NEW YORK – According to users at Storage Decisions, the biggest obstacle to creating a truly effective disaster
recovery (DR) strategy isn't technology, logistics, or even finances -- it's getting the support of their organization in creating a realistic plan.
During a session entitled "Ten reasons your DR plan won't work," Glasshouse Technologies Inc. chief technology office Jim Demoulakis placed "Business and IT are not in sync" at the top of his list.
Demoulakis said 71% of companies only involve IT staff in their DR strategy, and only 38% of companies have an integrated business continuity and DR plan.
"What happens is a gap between expectations and reality," he said.
"The biggest challenge is the mentality of some of the people I work with," said Hansram Ramrup, IT director for the Board of Commissioners in Broward County, Fla. "They've been in government for years, and sometimes their mindset can be three or four generations back."
"DR is more about a mentality than anything else," said Dave Naessens, manager of IT for Keihin Carolina System Technology Inc. "IT has to sell itself, but IT engineers don't tend to speak the same language as the business side."
Meanwhile, according to Steve Duplessie, analyst with the Enterprise Strategy Group, recent events have shown that a lack of well-planned DR is an urgent problem. "We almost can't afford not to start thinking about this. No matter who you are or where you live, we've seen that you've got to have lots of miles between your data sets."
So how can IT professionals bridge the gap and make a more effective, realistic DR plan? There is no quick fix, but users had some suggestions.
Keep it concrete
"My director has a pretty open mind, and a technology background," Ramrup said. "Instead of going into his office with a piece of paper, I try to set up a demo, sometimes with a vendor's help, so he can see for himself how a product will actually work. Instead of a salesman, I'll try to get a vendor to send in a technician to come in and do a mockup of their product."
Ramrup said he intended to spearhead an effort to make his DR tests less "staged," in order to show his end users the real effect of their current DR plan.
"Right now, our homegrown plan for recovering Exchange is to put empty mailboxes in front of users and allow them to send and receive messages immediately," he said. "We're totally dependent on tape for backup, so in the best case scenario, it'll take 24 to 48 hours to inject the e-mails back into their mailboxes. In reality, it'll probably take more like 48 to 72 hours, depending on the restore time for the tapes.
"For a government office that does everything through e-mail, that's a huge loss."
"It's important for users to make a business case, with cost-risk numbers to back it up, for the infrastructure they want to see in place," said Pierre Dorion, senior business continuity consultant for Mainland Information Systems Inc. "Many times, when I'm brought in as a consultant, I'm only telling managers what IT's already been telling them -- they just haven't heard it explained in a way that makes things clear to them."
Start a grassroots effort
"Rather than going to my board of directors, I started with lower level coordinators and management, asking what IT could do to better support them," Naessen said. "Whenever middle managers get promoted, I make sure to work closely with their replacements. When I got the ear of people in the lower tiers of the organization, the upper management ended up giving me more funding."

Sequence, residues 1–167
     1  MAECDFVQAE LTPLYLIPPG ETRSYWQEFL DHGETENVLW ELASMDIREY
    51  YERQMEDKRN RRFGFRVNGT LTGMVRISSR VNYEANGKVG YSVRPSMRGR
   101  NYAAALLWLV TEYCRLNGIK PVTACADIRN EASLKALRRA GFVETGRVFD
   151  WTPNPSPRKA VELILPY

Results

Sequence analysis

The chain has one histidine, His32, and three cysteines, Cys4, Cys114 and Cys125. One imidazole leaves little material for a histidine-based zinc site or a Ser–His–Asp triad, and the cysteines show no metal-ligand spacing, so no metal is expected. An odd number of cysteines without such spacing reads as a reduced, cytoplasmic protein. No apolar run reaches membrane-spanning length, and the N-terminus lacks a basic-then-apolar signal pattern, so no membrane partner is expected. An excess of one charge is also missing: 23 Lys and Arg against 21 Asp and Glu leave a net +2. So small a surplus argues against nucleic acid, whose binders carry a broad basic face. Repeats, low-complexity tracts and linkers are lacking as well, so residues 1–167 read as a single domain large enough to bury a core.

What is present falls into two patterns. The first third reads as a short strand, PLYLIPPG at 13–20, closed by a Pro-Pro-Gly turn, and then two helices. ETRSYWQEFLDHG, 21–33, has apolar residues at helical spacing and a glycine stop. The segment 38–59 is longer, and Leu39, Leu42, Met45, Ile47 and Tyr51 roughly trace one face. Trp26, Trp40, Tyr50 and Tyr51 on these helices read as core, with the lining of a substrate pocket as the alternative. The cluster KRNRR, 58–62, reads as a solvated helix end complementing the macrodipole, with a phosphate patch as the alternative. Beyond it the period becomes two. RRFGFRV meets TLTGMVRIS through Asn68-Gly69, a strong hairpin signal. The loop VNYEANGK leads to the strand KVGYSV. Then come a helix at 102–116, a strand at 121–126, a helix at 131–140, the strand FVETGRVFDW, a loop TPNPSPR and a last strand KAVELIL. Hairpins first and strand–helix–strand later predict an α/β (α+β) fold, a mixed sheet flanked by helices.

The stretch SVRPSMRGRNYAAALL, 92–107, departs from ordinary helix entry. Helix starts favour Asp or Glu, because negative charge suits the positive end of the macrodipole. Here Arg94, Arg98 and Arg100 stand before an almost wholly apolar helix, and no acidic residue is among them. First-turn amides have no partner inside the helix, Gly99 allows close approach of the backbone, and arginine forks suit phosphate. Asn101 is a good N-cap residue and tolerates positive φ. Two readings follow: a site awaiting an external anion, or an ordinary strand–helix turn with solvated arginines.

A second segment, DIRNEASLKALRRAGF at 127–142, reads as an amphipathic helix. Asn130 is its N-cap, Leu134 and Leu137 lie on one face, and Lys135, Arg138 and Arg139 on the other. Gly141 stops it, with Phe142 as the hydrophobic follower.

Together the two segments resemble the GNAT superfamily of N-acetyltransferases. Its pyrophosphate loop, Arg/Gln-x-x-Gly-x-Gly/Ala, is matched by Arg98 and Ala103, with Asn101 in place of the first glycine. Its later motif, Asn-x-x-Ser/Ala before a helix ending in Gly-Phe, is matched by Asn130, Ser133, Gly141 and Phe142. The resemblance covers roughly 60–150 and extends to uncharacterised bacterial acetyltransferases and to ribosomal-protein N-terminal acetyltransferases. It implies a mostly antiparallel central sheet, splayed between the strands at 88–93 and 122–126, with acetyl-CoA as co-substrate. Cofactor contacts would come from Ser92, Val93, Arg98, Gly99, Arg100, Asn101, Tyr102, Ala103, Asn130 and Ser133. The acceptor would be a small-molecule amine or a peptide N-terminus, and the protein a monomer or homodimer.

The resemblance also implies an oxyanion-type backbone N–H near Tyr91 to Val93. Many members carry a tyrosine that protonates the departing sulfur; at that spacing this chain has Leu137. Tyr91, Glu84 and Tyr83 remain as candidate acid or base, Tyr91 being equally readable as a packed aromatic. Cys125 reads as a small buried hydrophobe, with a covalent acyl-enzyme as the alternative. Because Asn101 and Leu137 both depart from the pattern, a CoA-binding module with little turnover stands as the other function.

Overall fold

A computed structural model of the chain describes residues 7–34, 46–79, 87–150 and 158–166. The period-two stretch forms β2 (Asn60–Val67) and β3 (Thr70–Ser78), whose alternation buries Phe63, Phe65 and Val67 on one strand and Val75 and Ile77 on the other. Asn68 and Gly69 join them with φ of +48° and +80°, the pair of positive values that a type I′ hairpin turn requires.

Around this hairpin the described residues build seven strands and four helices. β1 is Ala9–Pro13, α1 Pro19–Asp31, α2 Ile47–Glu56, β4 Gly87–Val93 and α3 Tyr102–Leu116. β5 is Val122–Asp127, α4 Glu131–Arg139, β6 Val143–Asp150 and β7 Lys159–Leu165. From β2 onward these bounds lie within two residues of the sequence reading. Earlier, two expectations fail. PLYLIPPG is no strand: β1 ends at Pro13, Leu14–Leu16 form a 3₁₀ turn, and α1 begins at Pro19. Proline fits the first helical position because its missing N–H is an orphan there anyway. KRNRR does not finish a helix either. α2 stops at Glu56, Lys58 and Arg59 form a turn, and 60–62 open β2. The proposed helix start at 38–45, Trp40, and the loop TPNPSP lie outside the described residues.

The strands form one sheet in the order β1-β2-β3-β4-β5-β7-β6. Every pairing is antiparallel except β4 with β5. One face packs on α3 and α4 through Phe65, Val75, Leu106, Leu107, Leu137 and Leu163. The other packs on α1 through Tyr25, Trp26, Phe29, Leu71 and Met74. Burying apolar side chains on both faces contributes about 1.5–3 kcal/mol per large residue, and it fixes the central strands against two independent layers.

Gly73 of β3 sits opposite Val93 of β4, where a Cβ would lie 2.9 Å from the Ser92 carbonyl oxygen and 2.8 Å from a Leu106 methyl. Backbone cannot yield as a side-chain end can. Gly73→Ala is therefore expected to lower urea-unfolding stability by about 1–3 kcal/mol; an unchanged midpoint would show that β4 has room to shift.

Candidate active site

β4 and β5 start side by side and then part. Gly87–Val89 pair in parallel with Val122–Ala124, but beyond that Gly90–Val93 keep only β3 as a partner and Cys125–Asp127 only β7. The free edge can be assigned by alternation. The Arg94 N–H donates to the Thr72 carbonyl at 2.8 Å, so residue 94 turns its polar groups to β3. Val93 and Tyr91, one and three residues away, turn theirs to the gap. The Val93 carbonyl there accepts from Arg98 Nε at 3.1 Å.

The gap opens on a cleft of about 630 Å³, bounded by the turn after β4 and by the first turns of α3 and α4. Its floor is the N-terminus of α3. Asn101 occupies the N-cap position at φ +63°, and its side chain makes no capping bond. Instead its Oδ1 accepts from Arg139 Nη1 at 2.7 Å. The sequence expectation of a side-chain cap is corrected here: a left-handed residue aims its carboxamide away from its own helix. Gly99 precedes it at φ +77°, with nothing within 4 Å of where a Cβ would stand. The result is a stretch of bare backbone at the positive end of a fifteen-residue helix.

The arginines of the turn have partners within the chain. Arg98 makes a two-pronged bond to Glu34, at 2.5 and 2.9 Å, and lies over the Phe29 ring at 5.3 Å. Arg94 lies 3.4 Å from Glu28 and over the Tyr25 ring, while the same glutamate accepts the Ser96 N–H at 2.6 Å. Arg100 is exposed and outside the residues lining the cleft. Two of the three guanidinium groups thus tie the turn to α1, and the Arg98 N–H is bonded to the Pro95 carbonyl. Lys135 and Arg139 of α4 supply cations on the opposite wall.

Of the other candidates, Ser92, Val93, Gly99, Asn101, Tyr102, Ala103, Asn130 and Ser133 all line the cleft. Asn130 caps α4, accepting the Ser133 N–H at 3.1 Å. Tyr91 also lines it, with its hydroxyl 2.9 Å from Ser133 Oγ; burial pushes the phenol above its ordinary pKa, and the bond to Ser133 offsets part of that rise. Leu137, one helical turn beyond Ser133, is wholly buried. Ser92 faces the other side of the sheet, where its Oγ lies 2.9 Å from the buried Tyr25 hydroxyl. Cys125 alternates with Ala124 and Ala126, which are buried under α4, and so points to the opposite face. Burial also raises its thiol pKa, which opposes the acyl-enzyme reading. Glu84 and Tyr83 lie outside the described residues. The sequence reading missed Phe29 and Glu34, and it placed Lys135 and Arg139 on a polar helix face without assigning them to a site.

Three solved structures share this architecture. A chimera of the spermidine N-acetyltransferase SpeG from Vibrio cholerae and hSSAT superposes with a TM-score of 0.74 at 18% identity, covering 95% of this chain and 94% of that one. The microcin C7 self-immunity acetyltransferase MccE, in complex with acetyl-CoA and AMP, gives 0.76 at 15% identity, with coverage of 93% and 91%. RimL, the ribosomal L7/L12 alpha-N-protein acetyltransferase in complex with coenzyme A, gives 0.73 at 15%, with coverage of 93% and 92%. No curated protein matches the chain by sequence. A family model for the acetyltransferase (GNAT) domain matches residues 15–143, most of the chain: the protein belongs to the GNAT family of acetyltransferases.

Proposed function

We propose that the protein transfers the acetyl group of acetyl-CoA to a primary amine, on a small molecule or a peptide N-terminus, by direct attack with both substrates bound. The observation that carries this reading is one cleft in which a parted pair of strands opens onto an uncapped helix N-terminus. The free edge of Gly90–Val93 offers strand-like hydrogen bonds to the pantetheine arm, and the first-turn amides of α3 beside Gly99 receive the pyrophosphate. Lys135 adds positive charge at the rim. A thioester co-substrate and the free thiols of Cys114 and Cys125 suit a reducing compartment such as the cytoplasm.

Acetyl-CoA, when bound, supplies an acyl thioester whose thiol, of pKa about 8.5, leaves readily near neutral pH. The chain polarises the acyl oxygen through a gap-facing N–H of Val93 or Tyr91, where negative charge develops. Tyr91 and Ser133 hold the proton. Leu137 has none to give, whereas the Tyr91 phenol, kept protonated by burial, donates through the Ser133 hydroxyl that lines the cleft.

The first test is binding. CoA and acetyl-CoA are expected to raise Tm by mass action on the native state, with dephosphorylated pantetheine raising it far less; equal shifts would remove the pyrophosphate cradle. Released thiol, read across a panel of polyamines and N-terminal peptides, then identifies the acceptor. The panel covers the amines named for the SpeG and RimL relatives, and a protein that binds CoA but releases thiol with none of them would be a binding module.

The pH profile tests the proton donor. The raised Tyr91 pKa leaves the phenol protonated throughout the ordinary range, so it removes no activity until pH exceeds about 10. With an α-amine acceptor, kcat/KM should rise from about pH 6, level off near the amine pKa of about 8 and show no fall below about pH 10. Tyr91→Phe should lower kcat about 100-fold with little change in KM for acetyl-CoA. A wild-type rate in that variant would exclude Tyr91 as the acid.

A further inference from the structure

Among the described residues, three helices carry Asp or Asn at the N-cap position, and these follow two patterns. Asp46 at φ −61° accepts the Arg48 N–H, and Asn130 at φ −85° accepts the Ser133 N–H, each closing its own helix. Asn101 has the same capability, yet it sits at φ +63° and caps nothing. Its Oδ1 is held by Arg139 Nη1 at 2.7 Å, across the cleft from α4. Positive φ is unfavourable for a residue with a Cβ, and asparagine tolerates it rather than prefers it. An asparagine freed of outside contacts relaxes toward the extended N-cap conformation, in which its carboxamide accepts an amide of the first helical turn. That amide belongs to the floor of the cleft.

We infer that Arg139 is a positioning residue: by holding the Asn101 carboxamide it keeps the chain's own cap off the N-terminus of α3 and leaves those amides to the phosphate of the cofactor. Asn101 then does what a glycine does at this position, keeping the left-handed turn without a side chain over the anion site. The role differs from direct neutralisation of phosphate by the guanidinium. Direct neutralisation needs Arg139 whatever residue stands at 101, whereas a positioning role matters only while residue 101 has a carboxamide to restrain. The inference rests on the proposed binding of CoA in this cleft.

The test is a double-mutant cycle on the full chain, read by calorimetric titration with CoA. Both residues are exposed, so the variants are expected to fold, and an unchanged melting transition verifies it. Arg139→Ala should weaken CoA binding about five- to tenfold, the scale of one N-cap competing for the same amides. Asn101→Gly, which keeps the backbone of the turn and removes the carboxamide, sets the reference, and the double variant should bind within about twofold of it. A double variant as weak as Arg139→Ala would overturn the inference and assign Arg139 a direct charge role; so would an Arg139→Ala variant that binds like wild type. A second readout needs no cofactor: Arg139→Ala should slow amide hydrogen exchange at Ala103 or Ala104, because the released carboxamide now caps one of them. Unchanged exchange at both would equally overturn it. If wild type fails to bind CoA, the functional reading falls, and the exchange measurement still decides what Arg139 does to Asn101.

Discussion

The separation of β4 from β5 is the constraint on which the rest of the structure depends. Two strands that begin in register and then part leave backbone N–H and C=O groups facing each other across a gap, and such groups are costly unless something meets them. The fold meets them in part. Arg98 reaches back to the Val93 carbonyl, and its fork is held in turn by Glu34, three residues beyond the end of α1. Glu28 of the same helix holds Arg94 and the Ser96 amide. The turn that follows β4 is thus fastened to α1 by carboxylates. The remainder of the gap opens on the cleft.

"It's important for IT to find a champion," said Ronald Durbin, director of industry research group StorageNetworking.org. "Find the most articulate person in your department, or someone internally in sales or another business department, who has an affinity with management and can be your representative."
Some IT engineers may even want to bring in their own consultant to make a case to management. "It's always better off bringing someone in than having your boss bring him in," Durbin said.
If all else fails…
Even the best sales pitch sometimes won't work. "Unfortunately," said Alan Bodnar, who requested his company not be named, "it seems like the only way it happens, at least quickly or from scratch, is if you actually go through a major disaster."
There are technologies that can allow storage architects to accomplish more with less. According to Christopher Hill, assistant director of IT at New York law firm Thacher, Proffitt & Wood LLP, virtualizing his servers with VMWare has reduced the time it takes to get his secondary site in New Jersey up and running, as well as the complexity of what it takes to power it up.
"We're not using domain name systems tricks to get it to bring data live. VMWare tells the host in New Jersey where to look for a LUN on the virtual disk, one script registers it, a second powers the secondary server on, and we're finished in terms of going live."
In addition, Hill said virtualizing his servers has allowed him to put more applications into fewer boxes, saving him not only on server hardware but connective hardware as well.
"We were about to buy another 64-port switch," he said, "But by taking out 15 servers in my New York facility, I don't have to buy it now. I just saved $40,000."
If introducing across-the-board measures is also impracticable, Bodnar suggested taking DR implementation piece by piece.
"Test software on a pilot program to see what works. Get one application solidly covered in terms of DR -- and make sure you think in terms of application. Ten servers can be perfectly mirrored, but that doesn't mean anything if the 11th goes down. Think about the front end, what the demand will be, how end users access it."